Despite (or perhaps because of) his eccentricities and psychedelic excursions, Syd Barrett betrayed a childlike purity in his music. Putting her own quirky yet endearing spin on this Pink Floyd classic, Ms. Wainwright draws on that innocence in such a way that, if he were here, would likely elicit a smile from its cosmic source.

9) “Toxic” – Portland Cello Project
Album: Portland Cello Project

For those with discriminating tastes who have pondered what a Britney Spears song would sound like as rendered in perhaps a more sophisticated medium, look no further than the Portland Cello Project’s cover of “Toxic,” which features a bevy of, well, cellos. The ensemble plays the arrangement close to the vest (and the vocals actually sound a bit like Spears), but its enthusiasm and unorthodox approach is irresistibly satisfying.

8) “Temptation” – Southside Johnny & The LaBamba Big Band
Album: Grapefruit Moon: The Songs of Tom Waits
Soaked in the faded glitz of late-night burlesque and the blue-collar grime of a Jersey shore bar, Southside Johnny bejewels this Tom Waits gem with a big brass band (or is it a brass big band?) and swagger to spare. It’s a nocturnal lament, ladies and gentlemen, rife with carnal delights and callings. It’s Southside Johnny for one night only, every night of the week: He sings! He swings! ‘Til the money runs out, he’ll tango ‘til you pour.

7) “Breaking The Girl” – Anna Nalick
Album: Shine [EP]
Already somewhat peculiar in its original form, Nalick envisages this Red Hot Chili Peppers track into an even starker enigma, stripping it down to its sonic bare bones while sustaining the cryptic bent of its narrative. It’s a riveting, ambitious interpretation, one which says something about Nalick’s creative depth and potential.

6) “All I Want Is You” – Glen Campbell
Album: Meet Glen Campbell
From one of last year’s unexpectedly rewarding albums, Campbell’s earnest rendition of this U2 love song recalls the mood of his most timeless performances. Four decades after pleading, “I need you more than want you/ And I want you for all time,” the proverbial lineman for the county sounds inspired, pining, and ever still on the line.

5) “Make You Feel My Love” – Neil Diamond
Album: Home After Dark [Deluxe Edition]
In his recent collaborations with producer Rick Rubin, the Solitary Man has boldly tapped back into the dark consciousness that inhabits his most resonant works. It’s with comparable sentience that Diamond enriches this modern Bob Dylan classic, his intimate and somber expression poignantly suiting the directness of the lyrics.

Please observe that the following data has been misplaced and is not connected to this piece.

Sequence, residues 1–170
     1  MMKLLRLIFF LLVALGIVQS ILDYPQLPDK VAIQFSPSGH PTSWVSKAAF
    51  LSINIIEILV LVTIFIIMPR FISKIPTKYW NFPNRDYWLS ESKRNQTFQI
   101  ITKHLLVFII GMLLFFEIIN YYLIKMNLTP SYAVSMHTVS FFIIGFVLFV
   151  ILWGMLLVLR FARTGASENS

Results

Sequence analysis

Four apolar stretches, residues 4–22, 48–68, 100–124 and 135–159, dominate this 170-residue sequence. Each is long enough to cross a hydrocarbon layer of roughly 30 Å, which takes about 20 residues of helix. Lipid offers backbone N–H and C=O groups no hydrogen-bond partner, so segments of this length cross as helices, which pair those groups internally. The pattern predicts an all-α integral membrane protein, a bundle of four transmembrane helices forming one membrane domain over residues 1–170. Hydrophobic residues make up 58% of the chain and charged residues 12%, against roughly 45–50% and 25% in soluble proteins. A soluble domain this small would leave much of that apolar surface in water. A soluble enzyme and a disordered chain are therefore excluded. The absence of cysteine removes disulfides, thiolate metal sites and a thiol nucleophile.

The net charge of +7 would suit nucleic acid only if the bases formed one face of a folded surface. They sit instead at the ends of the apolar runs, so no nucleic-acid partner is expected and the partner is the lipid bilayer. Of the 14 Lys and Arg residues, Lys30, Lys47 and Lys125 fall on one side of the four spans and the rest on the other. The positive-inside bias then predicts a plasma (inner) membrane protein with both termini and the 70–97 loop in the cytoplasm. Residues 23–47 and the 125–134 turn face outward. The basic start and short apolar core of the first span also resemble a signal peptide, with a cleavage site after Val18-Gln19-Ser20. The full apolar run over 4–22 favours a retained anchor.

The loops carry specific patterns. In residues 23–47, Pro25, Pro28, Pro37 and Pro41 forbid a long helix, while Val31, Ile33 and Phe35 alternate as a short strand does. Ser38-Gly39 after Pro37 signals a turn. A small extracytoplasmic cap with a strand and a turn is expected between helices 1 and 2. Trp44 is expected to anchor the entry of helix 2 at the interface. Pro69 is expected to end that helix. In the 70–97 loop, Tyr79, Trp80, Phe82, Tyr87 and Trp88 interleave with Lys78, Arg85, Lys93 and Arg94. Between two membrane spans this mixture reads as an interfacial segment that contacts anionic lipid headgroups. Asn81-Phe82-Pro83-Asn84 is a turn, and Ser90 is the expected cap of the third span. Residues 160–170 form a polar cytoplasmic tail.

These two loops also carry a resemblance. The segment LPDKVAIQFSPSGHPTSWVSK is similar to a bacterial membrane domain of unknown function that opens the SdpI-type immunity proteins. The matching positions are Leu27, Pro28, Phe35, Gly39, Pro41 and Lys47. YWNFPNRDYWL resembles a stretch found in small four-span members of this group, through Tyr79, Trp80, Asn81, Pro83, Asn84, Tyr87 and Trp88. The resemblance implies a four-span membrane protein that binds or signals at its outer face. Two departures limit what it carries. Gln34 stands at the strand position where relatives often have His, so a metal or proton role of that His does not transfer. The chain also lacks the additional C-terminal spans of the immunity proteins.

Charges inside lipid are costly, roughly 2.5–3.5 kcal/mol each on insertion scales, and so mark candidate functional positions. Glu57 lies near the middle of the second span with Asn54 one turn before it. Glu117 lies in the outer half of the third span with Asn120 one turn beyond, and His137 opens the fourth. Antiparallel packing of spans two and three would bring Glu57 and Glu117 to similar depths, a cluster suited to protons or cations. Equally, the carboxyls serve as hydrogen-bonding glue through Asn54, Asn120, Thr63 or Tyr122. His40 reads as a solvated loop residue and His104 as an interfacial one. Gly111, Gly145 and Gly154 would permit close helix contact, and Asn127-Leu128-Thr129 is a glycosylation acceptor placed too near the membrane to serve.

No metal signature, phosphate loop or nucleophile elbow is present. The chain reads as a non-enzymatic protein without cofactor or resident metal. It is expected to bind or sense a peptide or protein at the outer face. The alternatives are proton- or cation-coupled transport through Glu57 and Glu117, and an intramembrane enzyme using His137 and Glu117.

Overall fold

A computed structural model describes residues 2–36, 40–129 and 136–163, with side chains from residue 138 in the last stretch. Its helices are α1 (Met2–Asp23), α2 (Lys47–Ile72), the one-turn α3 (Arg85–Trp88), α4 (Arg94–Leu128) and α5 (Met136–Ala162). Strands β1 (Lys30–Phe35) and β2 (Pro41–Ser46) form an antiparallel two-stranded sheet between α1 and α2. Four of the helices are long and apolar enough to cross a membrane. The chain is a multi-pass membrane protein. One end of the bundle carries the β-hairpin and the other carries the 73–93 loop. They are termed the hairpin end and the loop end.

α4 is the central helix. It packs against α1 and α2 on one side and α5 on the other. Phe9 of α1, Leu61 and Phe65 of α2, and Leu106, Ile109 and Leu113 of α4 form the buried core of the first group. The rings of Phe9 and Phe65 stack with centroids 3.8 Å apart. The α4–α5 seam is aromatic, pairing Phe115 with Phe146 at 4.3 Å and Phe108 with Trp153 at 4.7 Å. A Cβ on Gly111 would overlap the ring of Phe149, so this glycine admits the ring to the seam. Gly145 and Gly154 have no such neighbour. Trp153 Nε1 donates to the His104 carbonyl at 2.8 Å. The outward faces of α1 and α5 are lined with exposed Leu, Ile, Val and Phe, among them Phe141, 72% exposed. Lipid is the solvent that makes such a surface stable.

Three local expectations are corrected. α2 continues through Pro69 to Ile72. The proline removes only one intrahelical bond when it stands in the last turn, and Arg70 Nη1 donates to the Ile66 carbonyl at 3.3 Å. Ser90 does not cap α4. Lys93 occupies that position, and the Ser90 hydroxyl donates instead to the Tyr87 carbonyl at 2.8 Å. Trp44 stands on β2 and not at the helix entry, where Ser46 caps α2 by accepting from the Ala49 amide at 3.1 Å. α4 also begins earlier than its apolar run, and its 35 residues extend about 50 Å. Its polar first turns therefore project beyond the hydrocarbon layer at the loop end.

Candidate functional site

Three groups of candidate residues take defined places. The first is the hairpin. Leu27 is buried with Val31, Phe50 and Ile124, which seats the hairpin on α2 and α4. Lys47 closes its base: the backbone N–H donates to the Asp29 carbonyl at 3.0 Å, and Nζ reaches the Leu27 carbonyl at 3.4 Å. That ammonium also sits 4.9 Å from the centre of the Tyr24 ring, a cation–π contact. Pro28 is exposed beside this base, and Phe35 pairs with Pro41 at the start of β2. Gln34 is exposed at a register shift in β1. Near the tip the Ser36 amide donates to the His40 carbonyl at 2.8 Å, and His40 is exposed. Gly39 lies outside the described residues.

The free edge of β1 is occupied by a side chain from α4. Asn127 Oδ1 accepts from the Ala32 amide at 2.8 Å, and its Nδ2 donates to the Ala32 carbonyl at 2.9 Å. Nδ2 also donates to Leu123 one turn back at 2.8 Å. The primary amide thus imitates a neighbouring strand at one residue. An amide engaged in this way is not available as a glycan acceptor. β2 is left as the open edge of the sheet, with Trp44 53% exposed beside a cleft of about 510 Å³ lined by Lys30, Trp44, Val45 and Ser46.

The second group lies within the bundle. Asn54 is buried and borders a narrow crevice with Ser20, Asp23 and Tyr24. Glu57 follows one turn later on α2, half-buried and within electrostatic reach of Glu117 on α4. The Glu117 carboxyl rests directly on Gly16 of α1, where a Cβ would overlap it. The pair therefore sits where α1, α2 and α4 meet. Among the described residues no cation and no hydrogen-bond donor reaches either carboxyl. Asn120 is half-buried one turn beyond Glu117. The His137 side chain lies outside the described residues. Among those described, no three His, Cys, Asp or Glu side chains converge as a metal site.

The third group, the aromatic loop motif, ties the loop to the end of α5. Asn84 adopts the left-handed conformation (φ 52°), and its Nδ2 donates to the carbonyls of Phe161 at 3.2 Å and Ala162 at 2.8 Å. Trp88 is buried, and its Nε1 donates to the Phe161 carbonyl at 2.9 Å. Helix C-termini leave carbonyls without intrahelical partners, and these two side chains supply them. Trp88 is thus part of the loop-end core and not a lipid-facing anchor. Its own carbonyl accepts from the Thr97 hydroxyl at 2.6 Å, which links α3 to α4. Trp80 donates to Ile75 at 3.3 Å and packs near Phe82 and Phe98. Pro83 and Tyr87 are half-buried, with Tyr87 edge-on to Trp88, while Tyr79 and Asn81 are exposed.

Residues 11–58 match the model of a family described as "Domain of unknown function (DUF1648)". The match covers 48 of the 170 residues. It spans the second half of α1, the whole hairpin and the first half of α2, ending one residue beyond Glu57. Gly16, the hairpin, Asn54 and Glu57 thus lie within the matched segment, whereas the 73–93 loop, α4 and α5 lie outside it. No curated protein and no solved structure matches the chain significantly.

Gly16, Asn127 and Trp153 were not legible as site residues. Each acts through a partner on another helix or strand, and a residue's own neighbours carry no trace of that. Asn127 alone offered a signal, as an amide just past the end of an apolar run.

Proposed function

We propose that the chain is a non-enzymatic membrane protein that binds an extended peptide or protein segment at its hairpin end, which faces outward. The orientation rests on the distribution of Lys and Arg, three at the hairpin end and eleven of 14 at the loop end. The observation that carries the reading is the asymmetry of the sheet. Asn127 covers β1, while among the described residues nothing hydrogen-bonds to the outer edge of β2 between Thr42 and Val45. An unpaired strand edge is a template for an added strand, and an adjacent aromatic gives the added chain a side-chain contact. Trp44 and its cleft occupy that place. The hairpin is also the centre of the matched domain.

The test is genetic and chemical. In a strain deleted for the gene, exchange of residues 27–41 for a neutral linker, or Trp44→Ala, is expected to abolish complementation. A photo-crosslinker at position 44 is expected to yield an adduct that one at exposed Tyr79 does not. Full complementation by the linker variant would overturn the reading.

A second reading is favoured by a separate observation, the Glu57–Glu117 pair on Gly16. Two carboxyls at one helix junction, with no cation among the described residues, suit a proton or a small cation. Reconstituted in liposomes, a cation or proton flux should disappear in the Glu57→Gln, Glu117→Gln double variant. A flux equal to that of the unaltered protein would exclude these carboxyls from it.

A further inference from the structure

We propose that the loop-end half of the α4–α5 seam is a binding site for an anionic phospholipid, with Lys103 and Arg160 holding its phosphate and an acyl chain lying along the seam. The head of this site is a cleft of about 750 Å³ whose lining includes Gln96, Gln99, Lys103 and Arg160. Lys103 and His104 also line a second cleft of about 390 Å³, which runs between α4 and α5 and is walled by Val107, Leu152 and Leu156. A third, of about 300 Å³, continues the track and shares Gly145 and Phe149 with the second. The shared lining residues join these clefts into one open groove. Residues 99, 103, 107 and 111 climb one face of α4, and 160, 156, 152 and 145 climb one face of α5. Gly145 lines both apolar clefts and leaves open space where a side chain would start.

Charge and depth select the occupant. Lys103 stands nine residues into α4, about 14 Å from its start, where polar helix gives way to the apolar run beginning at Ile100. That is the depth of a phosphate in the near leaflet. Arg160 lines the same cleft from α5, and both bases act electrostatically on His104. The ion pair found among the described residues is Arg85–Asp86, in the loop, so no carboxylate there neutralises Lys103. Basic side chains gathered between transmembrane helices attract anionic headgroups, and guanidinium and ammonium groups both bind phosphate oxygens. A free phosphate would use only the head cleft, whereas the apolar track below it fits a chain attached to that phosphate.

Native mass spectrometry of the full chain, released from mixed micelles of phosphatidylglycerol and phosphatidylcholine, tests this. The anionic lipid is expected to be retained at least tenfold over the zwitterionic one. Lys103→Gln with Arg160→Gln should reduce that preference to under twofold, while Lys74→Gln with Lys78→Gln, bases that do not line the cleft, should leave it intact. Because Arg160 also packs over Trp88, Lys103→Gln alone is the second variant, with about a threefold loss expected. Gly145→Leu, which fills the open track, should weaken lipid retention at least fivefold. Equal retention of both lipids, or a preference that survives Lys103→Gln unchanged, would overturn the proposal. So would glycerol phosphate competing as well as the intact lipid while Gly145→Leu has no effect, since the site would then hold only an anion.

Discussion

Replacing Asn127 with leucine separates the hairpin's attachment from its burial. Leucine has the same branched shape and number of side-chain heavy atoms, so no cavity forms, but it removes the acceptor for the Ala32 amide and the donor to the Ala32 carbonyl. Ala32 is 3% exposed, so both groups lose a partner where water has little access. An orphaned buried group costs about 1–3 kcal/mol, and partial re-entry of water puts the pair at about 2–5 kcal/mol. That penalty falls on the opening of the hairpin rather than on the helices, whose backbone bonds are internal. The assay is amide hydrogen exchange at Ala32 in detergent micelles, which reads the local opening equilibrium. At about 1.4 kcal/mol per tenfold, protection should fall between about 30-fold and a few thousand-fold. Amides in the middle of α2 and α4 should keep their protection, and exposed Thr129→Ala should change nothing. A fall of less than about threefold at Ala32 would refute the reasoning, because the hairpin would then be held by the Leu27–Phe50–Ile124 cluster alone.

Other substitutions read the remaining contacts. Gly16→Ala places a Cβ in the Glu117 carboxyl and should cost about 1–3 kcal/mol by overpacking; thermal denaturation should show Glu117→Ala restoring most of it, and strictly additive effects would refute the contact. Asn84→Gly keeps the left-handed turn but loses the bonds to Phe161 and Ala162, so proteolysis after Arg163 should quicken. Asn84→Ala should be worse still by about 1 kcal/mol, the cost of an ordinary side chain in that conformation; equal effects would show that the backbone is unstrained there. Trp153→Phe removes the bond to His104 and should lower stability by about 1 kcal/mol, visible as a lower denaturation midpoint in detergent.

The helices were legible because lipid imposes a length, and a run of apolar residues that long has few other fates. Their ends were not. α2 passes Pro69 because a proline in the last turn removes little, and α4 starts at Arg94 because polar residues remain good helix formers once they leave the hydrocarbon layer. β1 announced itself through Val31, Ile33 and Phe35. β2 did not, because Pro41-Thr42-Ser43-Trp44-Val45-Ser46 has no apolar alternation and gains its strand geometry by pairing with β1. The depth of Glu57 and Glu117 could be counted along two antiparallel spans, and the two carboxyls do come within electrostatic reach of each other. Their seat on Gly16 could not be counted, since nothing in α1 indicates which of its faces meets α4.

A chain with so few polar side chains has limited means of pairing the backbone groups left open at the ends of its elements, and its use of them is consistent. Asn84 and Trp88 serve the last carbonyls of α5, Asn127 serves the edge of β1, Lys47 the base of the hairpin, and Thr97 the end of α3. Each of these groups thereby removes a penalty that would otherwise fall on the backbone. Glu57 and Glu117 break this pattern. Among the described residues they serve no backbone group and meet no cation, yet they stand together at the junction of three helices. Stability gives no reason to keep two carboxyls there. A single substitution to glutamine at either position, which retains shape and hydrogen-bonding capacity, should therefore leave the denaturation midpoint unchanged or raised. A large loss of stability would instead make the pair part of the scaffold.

4) “It’s A Long Way To The Top (If You Wanna Rock ‘N’ Roll)” – Lucinda Williams
Album: Little Honey
Ornery and defiant, Williams manhandles this AC/DC rocker into a mantra, serving as much as an affirmation of her life as her art. An incidental note to all aspiring artists: If your idea of paying dues is to camp out on the pavement before your American Idol audition, turn this track up loud and let Ms. Williams put you wise.

3) “Aretha, Sing One For Me” – Cat Power
Album: Jukebox
On this obscure gem by singer/songwriter George Jackson, Cat Power stretches out the groove, sinking deep into the song’s yearning plea for some end-of-romance solace. The Queen of Soul has seldom received a more forsaken request.

2) “Pride (In The Name Of Love)” – Soweto Gospel Choir
Album: In The Name Of Love – Africa Celebrates U2
A standout performance among an album of exceptional music, U2’s anthemic homage to MLK assumes an altogether distinct and urgent resonance here. Rich with indigenous expression and rhythms, the Soweto Gospel Choir enliven the song with the resolve, hope, and triumphant spirit of its native land and, in so doing, make an inspiring statement.

1) “Time” – Heidi Talbot
Album: In Love And Light
In a flawless marriage of songwriting brilliance and vocal elegance, Irish songstress Heidi Talbot summons a stunning rendition of this Tom Waits masterpiece, drawing out subtleties within the narrative through her delicate phrasings and inflections. It’s this kind of performance that makes songwriters want to slave over a piano or guitar in the pursuits of their craft.